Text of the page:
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Teacher of the year finalists named
Winner to be announced at Nov. 6 reception
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Though the weather was gloomy Friday morning, three Newton County teachers received some news that made their days decidedly brighter. They were surprised in their classrooms with the announcement that they were the top three finalists for Newton County's 2009 Teacher of the Year.

Alicia Stewart
Alicia Stewart was the first teacher to be notified at Mansfield Elementary School where Principal G.W. Davis made an excuse to keep the Quest teacher there instead of allowing her to go to Palmer-Stone where she was supposed to be when a convoy of school system officials, as well as her family, converged on her classroom.

"This is so surreal," Stewart said. "It can't be me - I'm just shaking all over. I don't think it has sunk in yet," she continued. "When everyone leaves it will."

In an essay prepared for the TOTY competition Stewart said her mother was a huge influence in her life and in her decision to become a teacher.

"Life isn't about how much money you make," she wrote. "It is about making a difference in the world and empowering others... Sometimes the greatest teachers aren't found in schools... my most impressionable teacher was at home."

She began her teaching career in 1986 after earning her Bachelor of Science in Early Childhood Education.

She went on to get a Master of Science and she is gifted endorsed.

According to Davis, Stewart is extremely deserving of the honor.

"Lisa Stewart is the kind of teacher every principal wants as an employee, every parent wants their child to have and every student remembers," he said.

Bart Buff
Bart Buff was interrupted during a geography lesson at Eastside High School by his wife Shannon and 7-year-old son Braxton. As the students applauded their teacher, Buff shook Newton County School Superintendent Dr. Steven Whatley's hand and appeared stunned as he took in everything.

"Wow," he said, as one student in the class yelled, "We love you Buff!" As Buff's accomplishment was announced over the intercom, students in the adjoining classroom began pounding on the wall of the classroom to congratulate the teacher.

"This affirms what I'm doing, which is really nice to have that positive response," Buff said. "On the other hand, it makes me feel a little sad because there are so many excellent teachers out there and everybody cannot be recognized every year and they should be."

He began his teaching career at EHS in 2002 after completing his BS degree. He has also completed all requirements for his Master's in Educational Leadership and is currently enrolled in a specialist's program. He is also gifted certified. He currently teaches Quest Government and Advanced Placement U.S. History.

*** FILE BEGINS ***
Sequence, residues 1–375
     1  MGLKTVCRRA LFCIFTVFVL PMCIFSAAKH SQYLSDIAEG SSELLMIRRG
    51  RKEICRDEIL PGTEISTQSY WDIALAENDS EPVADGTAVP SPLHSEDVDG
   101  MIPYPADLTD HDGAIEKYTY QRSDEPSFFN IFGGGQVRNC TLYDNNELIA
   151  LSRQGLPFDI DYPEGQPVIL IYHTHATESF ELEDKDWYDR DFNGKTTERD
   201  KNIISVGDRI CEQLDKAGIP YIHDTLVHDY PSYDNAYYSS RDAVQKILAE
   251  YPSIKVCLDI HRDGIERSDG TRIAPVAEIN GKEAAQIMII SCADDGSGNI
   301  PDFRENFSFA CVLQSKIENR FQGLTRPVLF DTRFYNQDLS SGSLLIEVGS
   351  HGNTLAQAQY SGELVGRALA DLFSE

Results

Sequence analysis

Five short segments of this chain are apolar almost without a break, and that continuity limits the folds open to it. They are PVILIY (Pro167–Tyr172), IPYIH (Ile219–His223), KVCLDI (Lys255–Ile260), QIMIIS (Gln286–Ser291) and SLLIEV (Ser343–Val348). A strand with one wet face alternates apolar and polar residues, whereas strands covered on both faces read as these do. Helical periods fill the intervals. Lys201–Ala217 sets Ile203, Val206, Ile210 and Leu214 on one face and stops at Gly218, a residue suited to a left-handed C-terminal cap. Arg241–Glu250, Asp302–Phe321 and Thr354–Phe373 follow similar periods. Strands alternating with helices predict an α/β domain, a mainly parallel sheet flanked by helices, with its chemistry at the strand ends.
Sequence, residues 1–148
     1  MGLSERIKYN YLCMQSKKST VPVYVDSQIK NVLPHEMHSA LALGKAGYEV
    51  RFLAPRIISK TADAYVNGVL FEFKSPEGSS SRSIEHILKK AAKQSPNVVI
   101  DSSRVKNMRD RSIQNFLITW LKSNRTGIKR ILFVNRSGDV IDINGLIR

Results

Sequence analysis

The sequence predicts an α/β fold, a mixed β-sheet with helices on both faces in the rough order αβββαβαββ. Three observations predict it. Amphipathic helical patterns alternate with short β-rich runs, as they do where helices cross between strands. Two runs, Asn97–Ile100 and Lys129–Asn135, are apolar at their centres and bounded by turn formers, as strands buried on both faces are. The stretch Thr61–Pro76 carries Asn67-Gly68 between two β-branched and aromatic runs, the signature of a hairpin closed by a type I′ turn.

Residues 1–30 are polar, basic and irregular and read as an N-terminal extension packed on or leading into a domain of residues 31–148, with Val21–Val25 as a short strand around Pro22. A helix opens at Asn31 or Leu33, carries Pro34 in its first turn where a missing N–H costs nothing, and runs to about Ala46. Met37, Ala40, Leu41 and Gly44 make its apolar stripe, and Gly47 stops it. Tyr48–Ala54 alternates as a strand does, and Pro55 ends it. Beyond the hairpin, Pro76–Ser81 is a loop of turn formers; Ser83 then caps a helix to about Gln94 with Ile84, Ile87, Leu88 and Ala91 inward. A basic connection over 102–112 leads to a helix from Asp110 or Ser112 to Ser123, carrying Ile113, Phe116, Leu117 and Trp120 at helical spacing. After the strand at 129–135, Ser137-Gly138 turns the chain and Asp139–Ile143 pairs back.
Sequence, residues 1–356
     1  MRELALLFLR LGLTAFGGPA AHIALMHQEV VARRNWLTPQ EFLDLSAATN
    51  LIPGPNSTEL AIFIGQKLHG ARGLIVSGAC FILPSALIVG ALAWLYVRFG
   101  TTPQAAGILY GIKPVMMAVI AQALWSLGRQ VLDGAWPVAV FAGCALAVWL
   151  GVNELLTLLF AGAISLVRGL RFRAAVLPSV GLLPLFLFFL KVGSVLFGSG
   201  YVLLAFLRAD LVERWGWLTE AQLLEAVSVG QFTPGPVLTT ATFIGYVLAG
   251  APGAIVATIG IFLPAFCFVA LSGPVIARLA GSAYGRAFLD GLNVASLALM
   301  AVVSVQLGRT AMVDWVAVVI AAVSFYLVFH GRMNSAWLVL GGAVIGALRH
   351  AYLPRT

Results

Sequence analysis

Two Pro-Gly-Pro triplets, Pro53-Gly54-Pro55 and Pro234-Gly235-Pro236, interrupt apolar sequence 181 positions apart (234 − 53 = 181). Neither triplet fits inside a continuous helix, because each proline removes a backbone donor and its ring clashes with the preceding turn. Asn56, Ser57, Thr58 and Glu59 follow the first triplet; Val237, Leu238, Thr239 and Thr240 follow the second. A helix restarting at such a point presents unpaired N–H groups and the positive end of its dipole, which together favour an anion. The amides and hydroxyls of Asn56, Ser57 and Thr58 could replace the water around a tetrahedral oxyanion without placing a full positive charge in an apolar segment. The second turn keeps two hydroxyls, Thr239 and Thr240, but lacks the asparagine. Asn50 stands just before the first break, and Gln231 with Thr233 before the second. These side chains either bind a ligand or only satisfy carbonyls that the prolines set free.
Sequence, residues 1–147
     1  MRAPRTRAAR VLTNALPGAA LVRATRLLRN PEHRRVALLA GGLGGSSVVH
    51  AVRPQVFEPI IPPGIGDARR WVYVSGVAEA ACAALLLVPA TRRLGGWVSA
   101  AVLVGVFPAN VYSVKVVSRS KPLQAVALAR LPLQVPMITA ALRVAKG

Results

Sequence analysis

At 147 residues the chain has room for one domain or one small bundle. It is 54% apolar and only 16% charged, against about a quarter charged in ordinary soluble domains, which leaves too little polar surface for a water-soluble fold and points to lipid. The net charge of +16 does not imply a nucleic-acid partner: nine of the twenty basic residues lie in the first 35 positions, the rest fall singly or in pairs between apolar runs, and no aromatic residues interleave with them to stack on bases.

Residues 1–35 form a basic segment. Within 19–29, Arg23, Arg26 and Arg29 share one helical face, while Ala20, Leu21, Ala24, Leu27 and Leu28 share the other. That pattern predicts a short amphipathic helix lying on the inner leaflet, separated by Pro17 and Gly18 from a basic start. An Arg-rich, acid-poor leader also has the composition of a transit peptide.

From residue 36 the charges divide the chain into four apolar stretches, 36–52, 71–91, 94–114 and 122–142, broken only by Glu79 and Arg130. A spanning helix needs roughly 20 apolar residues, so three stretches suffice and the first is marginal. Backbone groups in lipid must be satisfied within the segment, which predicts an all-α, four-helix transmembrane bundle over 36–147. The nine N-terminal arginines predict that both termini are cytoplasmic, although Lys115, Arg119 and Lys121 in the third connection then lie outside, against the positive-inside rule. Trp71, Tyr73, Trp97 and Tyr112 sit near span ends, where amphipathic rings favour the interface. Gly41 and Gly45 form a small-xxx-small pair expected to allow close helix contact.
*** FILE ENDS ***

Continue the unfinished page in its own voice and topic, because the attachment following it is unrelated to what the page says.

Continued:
"Teaching, to me, is a lot like playing golf," Buff wrote in his essay. "I will never perfect either, but I sure enjoy the pursuit."

Dr. Robert Daria, principal of EHS, said "I believe we try to find the very best for our students and I think that is directly illustrated by teachers like Mr. Buff. He is a good, high-quality teacher."

Christine Kraemer

When Cousins Middle School Band Director Christine Kraemer was accosted in her classroom she immediately started to cry and shake, saying "Oh my gosh, oh boy," and shaking so hard she had to put down her vase of flowers.

"I'm a little shaky," she said laughing and hugging her family. "I think I'm going to have to sit down."
The announcement of Kraemer as one of the top three finalist caused an uproar in the surrounding classrooms, which only made Kraemer shake a little harder and tear up a bit more.

"I am rewarded by seeing students' eyes light up when they understand a concept and are able to apply that concept to something new... the rewards we receive from this profession are mostly from small victories... this joy we receive comes through the realization that these students are doing things they could not do before and are doing them well."

She received her degree in Music Education in 1996 and her Master in Music Education
as well as a Master in Music Performance in conducting.

"Ms. Kraemer is the epitome of professionalism," said Principal Scott Sauls. "She not only helps with the students but with the staff as well. She is very deserving of this honor and the fact that her colleagues recognize her accomplishments and now, at a system level she is recognized as well, is wonderful. She is truly deserving."

The reception for TOTY will be held at 4:45 p.m. on Nov. 6 at Newton High School. The winner will receive a crystal vase, three month's free car rental from Covington Ford, a Teacher of the Year ring from Herrf-Jones and a check for $1,000. The winner will also go on to represent Newton County in the Georgia Teacher of the Year competition.